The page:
Gapless Playback and Other New Features in Spotify

The latest Spotify desktop client update includes the most-requested feature on the support forums: gapless playback! It seems this update was strongly driven by community user requests, as several other new features – crossfading, persistent play queues, hiding of “purchase” buttons – have all been requested by users in the past.

Here’s a brief look at the key new features:


Gapless Playback and Crossfade

Gapless playback is the uninterrupted playback of consecutive audio tracks without intervening silence or clicks where the song changes. It’s pretty common on a lot of albums and it’s now enabled by default in Spotify on the desktop:

The implementation of gapless playback is flawless: check out Shpongle’s album “Nothing Lasts… But Nothing is Lost” for one good example. For some classical examples, see the essential With gapless playback enabled, albums that are supposed to be gapless are played without gaps, but albums that are supposed to have gaps between the tracks retain the gap. So this isn’t some dumb all-or-nothing implementation; Spotify have spent the time to be sure gapless playback is smart and honors the original artist’s intention.

Spotify have had to re-encode their entire catalog to enable gapless: with over 19 million tracks this obviously takes some time, so some of more obscure albums may not have been re-ecoded yet.

Crossfading was another often-requested feature that logically fits in with gapless. With Crossfade Tracks enabled the end of one song fades into the start of the next one, giving you your very own continuous mix. There’s no beat matching or anything fancy like that, so professional DJs will still be able to make a living. You can set the fade time 1 to 12 seconds, but the default value of 5 seconds seems optimal. It’s great for mixed playlists and will be a fun feature for parties. Crossfading is bypassed when you listen to an album sequentially, so there’s no need to constantly manually switch crossfading on and off.

You’ll also notice in the image above that there’s now the ability for UK Premium users to hide those annoying purchase buttons you’d sometimes hit by mistake. Result!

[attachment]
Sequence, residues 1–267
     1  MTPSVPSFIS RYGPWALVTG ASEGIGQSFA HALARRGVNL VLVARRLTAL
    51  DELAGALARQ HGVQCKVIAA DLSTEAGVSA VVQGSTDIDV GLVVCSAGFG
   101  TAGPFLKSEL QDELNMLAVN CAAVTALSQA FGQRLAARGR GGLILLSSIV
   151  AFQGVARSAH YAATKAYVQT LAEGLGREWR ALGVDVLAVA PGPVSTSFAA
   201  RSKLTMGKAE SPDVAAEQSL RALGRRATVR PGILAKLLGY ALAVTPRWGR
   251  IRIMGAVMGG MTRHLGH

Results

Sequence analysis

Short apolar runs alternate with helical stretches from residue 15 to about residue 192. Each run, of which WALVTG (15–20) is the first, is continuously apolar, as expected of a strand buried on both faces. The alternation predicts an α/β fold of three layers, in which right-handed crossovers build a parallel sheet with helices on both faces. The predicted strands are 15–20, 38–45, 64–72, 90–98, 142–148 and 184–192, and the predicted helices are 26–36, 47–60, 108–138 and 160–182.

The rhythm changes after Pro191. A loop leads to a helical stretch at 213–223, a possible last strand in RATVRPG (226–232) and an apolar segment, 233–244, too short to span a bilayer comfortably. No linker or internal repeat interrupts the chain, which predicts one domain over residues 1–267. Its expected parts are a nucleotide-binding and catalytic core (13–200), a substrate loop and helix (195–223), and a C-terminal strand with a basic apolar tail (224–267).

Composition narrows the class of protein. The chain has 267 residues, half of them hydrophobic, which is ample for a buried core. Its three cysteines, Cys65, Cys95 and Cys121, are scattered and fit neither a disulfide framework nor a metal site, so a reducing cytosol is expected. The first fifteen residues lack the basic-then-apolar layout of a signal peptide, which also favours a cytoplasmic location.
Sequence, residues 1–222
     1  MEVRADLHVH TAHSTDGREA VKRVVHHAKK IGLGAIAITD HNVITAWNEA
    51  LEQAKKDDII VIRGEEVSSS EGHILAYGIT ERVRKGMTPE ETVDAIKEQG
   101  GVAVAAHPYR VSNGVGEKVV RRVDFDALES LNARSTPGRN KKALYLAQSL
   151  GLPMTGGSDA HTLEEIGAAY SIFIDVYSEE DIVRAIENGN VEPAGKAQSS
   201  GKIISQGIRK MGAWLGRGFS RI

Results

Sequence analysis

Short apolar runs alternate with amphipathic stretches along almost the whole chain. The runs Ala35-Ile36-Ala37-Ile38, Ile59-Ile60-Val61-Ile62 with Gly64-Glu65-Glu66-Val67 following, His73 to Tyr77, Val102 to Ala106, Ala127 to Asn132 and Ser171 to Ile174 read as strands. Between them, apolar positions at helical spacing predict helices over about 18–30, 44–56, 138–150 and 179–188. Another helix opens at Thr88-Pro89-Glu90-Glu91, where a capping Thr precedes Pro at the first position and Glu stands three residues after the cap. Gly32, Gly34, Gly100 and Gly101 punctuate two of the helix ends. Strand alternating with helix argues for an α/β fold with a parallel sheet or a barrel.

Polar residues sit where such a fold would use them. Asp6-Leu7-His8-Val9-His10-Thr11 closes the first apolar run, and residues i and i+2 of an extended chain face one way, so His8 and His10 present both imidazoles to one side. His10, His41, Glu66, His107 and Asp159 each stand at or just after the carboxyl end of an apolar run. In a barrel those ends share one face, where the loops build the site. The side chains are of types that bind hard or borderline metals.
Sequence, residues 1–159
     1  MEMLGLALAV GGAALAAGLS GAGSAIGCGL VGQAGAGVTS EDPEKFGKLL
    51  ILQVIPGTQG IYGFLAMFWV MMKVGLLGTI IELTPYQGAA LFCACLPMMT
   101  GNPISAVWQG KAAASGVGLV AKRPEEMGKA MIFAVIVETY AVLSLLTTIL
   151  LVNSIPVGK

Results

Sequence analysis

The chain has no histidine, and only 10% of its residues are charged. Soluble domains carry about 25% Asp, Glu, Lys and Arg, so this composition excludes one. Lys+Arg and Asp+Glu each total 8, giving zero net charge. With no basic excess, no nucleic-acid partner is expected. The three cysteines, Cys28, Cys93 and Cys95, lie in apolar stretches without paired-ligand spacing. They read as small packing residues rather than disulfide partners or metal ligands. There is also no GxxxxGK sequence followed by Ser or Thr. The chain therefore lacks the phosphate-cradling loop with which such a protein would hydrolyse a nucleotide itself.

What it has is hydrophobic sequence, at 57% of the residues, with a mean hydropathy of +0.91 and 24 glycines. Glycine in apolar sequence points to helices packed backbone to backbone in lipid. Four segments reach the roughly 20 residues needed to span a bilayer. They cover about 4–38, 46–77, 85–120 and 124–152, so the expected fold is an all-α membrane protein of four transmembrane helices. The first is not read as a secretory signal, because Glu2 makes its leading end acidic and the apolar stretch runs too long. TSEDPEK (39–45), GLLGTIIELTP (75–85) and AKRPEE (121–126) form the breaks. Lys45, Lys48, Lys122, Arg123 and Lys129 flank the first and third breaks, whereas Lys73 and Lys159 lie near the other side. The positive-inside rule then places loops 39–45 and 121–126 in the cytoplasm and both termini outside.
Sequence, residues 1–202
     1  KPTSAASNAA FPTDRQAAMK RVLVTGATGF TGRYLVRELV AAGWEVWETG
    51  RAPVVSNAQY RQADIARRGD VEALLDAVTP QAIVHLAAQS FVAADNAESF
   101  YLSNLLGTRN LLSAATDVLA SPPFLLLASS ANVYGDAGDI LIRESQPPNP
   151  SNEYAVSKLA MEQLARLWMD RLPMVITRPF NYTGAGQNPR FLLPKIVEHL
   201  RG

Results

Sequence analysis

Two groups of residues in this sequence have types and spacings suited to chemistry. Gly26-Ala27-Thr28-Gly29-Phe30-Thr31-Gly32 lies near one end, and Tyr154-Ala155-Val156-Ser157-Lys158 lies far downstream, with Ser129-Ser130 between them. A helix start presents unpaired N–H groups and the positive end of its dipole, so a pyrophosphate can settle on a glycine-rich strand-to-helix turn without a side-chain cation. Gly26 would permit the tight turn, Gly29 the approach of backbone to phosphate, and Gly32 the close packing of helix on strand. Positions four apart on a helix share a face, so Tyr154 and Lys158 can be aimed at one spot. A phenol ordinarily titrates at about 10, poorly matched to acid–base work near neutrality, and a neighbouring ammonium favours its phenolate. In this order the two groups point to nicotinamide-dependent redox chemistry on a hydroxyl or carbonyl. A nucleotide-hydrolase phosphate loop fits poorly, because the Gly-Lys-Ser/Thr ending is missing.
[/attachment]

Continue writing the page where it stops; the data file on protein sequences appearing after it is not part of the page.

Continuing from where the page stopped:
Persistent Play Queue

With the spotlight on gapless playback, you may have missed another great new feature rolled out in this update: a persistent play queue. Also known as the “save and restore feature for Now Playing,” this now means that you don’t lose your play queue when you restart Spotify. It even remembers where you were in the currently playing track so you can pick up listening from exactly where you left off. The history is also retained across sessions (select Play Queue from the sidebar then click the History tab at the top) – for how long or for how many tracks remains to be seen.

Improved Subscribe, Buddy List and Favorites options

The update ticker in the sidebar on the right is now a lot smoother, and you’ll now also see when someone “stars” a song:

Other updates include a drag & drop fix on Windows (I hadn’t noticed it was broken), faster artist browsing, and you can now select View as Album Art from the View menu instead of only using a hotkey. This now works on a per-playlist basis too.

Offline Mode

Premium users can now set Spotify to offline mode (File > Offline Mode). This works like airplane mode on mobile, so you can only listen to offline synched playlists and imported local music files. All network P2P traffic is disabled in offline mode, which may come in handy on a corporate or college network or when using 3G dongles.

Personalized Recommended New Albums

The main What’s New page that’s displayed whenever you start Spotify received a huge makeover a few months ago when Spotify Apps were released. While the apps got all the attention, another great new feature was enabled at the same time: a Recommended Albums carousel that’s tuned to your own personal listening habits:

 Many thought this was just a random selection of new releases, but it seems that most if not all this small selection is keyed to what you’ve been listening to on Spotify. For example, in the snapshot above you’ll see new releases from Alexander Robotnick, E-Craft, and Deadmau5: all artists I’ve listened to before. This might seem like a coincidence but I’ve been checking this over the past few months and the hit rate is far too high for that. Every artist page in Spotify has a “Related Artists” section that’s driven by Spotify user listening habits, so it seems some of the data from that (or from what you share with Facebook) has been repurposed to generate this small custom selection. I only wish you could expand it from a measly five offerings!

Playlist Subscriber Email Notifications

If you publish playlists, you’ll now receive summary email notifications telling you who’s subscribed to your playlists:


You’ll receive one of these emails each day, depending on how many new subscribers you have. You can of course unsubscribe from the emails at any time (thanks to Spotimy for reminding me of this new feature!)


All-in-all, this is a fantastic set of updates to the core Spotify desktop experience and one that clearly shows Spotify listen and respond to what their customers ask for. I just hope the Android update gets some love now that this is out of the way!